Dru: I’d go 6, mainly because I’m sick of giving up these open 3s. I know his scheme is to protect the paint and force long “contested” 2s & 3s, but I don’t see much of a contest. It looks like he refuses to adapt to this even though these open jumpers are killing us. We are number one in opponents’ 3pt rate.

Jake: I’d actually say an 8. I may not agree with his defensive philosophy right now, but he’s paid to be a coach and I’m not, so I’ll trust his mindset going in. Where I’m concerned is with the lack of adjustments he’s making in game. If your game plan just isn’t working, tweaks need to be made. We haven’t really seen that this season. In general, though, he does have this team overachieving and he’s one of the best coaches and drawing up plays coming out of timeouts.

Joe: Oddly enough, I’ll go with a 4. I don’t think he’s doing a bad job, but I’m not seeing nearly enough experimentation. Why we’re the second slowest team in the league yet again is beyond me. I’m equally stumped as to why we have repeatedly seen a small-ball lineup that includes Brian Roberts, Austin Rivers, and Roger Mason Jr. Clearly that’s not the answer.

3. Is Lance Thomas in the league in five years?

Jason: Yes. In just over 80m of action this year, he’s made 7 of 18 shot attempts, and 14 of 21 from the line, bringing the total to 28 points. Additionally, he’s racked up 12 fouls and 16 rebounds in that time. His numbers really aren’t that different from Jason Smith, and in fact their WS/48 were both 0.134 going into the Nuggets game. Smith has a role due to height and work ethic. Thomas will have to carve and identity that is useful to a team, and he’ll be a set for a low-level contract, like Smith.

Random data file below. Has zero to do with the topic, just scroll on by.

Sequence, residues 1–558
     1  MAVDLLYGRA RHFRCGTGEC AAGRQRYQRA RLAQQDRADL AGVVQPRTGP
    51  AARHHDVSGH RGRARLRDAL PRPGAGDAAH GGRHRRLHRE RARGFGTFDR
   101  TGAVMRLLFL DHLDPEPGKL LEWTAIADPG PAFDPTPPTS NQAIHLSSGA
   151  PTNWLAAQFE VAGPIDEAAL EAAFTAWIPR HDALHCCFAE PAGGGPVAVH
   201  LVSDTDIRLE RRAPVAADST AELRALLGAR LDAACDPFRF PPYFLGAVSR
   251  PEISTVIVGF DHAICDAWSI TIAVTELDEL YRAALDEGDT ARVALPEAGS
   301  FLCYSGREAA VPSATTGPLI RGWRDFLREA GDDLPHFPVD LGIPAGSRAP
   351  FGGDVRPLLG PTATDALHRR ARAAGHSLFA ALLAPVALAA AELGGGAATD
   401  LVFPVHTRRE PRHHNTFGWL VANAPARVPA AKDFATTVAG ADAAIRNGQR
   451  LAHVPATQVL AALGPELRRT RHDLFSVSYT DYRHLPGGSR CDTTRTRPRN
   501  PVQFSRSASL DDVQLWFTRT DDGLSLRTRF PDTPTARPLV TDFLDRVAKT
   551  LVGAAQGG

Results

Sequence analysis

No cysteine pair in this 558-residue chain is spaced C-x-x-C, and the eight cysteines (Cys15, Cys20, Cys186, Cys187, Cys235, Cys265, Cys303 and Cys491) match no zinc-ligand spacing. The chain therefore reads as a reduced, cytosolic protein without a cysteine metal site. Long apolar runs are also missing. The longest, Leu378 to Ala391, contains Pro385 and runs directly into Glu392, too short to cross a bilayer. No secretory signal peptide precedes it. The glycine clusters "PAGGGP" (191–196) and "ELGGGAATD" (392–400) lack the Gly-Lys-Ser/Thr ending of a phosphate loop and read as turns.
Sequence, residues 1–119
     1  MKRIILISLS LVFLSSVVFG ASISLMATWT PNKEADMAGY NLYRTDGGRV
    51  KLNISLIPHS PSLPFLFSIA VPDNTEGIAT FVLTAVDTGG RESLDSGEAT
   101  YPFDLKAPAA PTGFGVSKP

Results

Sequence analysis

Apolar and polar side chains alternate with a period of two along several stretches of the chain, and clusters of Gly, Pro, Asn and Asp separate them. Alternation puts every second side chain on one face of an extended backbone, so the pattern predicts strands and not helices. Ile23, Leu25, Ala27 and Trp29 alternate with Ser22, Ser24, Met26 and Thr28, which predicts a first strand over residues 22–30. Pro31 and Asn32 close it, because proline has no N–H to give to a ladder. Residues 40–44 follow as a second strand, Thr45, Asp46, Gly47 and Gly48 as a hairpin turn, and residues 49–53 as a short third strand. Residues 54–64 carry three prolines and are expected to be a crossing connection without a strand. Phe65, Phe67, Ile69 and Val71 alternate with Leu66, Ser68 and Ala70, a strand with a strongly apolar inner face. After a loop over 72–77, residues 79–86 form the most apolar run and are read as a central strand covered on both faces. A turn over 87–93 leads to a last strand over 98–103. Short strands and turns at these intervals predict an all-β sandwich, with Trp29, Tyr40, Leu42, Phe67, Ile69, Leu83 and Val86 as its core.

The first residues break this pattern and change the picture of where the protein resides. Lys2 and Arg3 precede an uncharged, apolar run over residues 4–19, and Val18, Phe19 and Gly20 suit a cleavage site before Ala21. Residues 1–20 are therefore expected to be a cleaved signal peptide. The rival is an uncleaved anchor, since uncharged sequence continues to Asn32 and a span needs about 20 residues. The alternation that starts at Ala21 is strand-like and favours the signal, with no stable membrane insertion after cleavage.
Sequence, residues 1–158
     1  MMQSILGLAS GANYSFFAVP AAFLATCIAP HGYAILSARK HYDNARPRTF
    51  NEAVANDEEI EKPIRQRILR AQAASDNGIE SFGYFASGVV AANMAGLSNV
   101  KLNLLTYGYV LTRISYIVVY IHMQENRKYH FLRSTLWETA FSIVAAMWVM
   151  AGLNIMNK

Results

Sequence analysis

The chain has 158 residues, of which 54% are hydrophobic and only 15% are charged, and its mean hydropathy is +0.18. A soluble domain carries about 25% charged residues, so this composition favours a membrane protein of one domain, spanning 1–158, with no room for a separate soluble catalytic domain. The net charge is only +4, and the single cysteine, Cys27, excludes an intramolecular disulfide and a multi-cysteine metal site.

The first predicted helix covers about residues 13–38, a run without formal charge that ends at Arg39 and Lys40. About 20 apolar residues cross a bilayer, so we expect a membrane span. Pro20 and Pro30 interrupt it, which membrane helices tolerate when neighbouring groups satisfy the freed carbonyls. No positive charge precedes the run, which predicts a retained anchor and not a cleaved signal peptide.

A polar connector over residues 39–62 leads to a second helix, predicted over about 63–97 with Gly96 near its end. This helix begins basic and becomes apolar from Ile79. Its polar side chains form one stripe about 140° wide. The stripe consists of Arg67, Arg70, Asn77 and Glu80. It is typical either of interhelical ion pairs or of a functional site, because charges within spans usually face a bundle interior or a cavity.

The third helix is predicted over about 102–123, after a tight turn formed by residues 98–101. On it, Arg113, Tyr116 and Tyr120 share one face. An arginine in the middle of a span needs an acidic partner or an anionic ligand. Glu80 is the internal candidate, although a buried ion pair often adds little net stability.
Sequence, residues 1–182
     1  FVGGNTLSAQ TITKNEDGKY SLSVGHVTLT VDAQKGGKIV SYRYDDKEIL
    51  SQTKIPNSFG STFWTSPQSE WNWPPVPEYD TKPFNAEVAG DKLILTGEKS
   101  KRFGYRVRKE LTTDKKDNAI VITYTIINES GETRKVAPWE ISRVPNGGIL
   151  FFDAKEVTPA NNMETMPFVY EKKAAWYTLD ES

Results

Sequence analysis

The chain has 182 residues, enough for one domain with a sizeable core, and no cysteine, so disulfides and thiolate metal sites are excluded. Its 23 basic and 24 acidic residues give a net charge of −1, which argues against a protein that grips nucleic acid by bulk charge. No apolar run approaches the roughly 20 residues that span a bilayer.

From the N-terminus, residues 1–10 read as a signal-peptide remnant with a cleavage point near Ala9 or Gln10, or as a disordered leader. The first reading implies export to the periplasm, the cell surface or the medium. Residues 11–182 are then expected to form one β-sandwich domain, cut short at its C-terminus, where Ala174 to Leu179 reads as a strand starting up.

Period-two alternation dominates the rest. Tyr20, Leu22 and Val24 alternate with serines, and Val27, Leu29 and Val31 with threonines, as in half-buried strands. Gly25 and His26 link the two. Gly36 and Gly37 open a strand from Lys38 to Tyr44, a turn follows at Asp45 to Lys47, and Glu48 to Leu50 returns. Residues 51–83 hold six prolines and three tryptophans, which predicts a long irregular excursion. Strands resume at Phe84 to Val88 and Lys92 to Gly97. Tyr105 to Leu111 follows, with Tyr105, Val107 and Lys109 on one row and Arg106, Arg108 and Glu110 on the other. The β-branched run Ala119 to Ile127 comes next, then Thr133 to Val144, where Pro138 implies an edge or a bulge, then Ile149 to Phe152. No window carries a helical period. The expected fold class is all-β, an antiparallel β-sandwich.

Mason: Yes. Thomas is a student of the game and someone who always gives maximum effort on both sides of the ball. His defense against Carmelo Anthony was the best one-on-one that I have seen from any Hornets player so far this season. He certainly isn’t the most talented player, but he is the kind of player who can be coached and then see the results pay off on the court. While his role likely will never be a big one on an NBA team, he should certainly be able to remain in the league.

Dru: Yes. Coaches value a vocal, energetic, scrappy guy like Lance. Even if his on court performance doesn’t improve much, he’s always going to be a hard worker and a guy to set the bar for work ethic in the gym for whatever team he’s on. On the court, his communications helps everyone on the team. Also, he may not he the most talented, but he knows where to be and when to be there.

Jake: Yes. Not necessarily because he’s a good player, but have you seen some of the people who get NBA minutes? Thomas has played better than I thought he would this season. There will be a spot for him for a while.

Joe: Yes. Coaches seem to love him. Plus, his game has taken a nice step forward since he got his NBA shot last year, and especially since he participated in Olympic trials.

4. Is Xavier Henry in the league in five years?